Long after you’ve moved onto to whatever will promote your political interests further I will still be working to improve the life chances of all children.

 

 

 

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An open letter to Ann Saunders (Former Deputy Head Teacher – Sittingbourne Community College)

Dear Ann,

I don’t know if you will even remember me, but you gave me my first teaching job in 1995 after I responded to an ad in the local paper to teach GNVQ Health and Social Care.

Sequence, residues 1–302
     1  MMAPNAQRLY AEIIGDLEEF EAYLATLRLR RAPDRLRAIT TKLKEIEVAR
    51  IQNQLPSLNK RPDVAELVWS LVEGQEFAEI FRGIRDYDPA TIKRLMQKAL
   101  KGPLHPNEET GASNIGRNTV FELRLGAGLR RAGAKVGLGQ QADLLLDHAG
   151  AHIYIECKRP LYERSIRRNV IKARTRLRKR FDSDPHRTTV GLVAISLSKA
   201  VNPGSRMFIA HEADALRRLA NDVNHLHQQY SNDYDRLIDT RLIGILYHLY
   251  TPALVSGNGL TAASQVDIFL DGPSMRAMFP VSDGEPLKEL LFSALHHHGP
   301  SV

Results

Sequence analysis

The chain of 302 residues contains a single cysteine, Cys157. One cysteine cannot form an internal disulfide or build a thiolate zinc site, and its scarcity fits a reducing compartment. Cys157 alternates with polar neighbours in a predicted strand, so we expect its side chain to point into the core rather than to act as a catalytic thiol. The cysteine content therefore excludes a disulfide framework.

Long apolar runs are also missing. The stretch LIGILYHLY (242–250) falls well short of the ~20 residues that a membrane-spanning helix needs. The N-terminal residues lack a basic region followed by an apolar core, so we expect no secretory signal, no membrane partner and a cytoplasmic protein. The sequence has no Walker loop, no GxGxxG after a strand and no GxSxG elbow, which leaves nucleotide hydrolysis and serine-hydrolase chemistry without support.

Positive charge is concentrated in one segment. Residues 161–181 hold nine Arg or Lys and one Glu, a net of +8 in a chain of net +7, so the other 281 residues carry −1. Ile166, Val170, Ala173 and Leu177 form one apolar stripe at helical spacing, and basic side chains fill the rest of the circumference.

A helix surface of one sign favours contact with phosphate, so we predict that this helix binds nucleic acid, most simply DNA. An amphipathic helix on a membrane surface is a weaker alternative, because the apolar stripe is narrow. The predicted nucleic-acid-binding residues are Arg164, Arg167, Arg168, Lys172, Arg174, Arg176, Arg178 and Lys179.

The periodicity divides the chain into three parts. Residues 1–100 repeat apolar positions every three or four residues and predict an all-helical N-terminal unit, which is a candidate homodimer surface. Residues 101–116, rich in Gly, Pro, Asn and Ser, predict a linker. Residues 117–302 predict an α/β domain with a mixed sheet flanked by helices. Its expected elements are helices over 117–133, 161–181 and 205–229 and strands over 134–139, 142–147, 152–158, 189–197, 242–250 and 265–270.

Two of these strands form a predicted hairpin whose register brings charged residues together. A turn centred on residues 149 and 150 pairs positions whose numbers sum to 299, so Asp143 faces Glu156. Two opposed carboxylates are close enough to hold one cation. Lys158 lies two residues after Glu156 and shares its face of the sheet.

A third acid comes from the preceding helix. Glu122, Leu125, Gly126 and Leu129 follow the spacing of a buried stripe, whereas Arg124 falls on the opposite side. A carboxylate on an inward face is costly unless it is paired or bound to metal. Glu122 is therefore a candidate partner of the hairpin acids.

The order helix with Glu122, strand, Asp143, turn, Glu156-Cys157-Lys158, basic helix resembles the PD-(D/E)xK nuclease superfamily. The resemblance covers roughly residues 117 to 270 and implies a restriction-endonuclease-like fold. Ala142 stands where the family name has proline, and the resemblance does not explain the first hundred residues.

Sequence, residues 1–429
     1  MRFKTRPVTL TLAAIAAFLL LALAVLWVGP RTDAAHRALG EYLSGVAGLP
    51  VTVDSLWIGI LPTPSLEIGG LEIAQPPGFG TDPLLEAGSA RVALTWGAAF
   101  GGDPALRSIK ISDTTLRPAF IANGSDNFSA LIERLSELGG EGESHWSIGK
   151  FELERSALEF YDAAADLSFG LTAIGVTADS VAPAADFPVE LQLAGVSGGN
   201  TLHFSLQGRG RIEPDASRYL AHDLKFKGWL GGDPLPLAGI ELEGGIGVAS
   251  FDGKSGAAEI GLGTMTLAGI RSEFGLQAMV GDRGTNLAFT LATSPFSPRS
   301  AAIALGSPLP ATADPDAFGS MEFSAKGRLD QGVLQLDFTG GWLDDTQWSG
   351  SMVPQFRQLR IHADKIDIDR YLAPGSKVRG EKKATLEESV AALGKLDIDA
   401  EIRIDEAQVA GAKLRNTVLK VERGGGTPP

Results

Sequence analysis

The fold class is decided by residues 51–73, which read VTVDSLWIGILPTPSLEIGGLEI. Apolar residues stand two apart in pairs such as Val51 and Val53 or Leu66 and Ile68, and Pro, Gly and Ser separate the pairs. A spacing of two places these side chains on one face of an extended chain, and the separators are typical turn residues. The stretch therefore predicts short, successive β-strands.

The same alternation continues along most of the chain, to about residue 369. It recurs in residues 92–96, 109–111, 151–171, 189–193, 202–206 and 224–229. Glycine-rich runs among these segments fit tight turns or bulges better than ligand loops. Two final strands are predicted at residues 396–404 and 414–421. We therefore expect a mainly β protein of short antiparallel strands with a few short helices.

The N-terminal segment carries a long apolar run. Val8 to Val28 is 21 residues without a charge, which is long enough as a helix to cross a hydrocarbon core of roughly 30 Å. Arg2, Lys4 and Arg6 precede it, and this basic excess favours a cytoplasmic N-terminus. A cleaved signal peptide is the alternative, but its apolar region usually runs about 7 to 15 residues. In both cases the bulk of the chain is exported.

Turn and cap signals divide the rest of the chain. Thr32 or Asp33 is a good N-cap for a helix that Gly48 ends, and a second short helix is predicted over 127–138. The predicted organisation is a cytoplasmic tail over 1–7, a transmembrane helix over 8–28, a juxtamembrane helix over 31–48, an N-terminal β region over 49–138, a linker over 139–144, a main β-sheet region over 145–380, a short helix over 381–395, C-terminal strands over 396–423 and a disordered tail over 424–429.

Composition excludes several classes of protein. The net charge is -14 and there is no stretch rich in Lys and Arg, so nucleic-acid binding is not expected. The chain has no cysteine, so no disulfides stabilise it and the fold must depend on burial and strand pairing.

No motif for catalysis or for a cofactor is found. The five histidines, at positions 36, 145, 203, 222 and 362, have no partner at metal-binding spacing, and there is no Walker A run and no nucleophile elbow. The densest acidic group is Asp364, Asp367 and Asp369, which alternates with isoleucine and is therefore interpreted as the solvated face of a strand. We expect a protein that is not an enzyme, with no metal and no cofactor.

Teaching was something I had always wanted to do, but without a degree I didn’t think I had a hope in hell of securing a position. At the time I was a registered nurse with a toddler and new baby, married to a Sergeant in the Royal Engineers and living on an army base in Chatham. I am not sure what possessed you to take on an unqualified and completely inexperienced novice like me, but you did.  Looking back I must have driven you mad arriving in your office every morning to show you my lesson plans and a bombard you with a million question, but never once did you act like I was a nuisance – even though, as Deputy Head, you had a zillion things to do. The eighteen months I spent at Sittingbourne Community College made me surer than ever that teaching was the career I wanted to pursue. You also saved me from certain death by mother and toddler conversations (I was never cut out for full-time motherhood). You generously gave me your time and nurtured the teacher within. I was in total awe of your ability to manage a class of boisterous fourteen year olds without ever losing your cool – and vowed to one day be as good as you. I particularly remember one student on the Child Development NVQ course who claimed to be psychic and remarked on more than one occasion that she had a strong sense of twins when we were together in the same room. Disinclined as I am to believe in the mystical, I chose to believe in her assertion – daring to hope it meant that you saw yourself in the untrained, but eager me.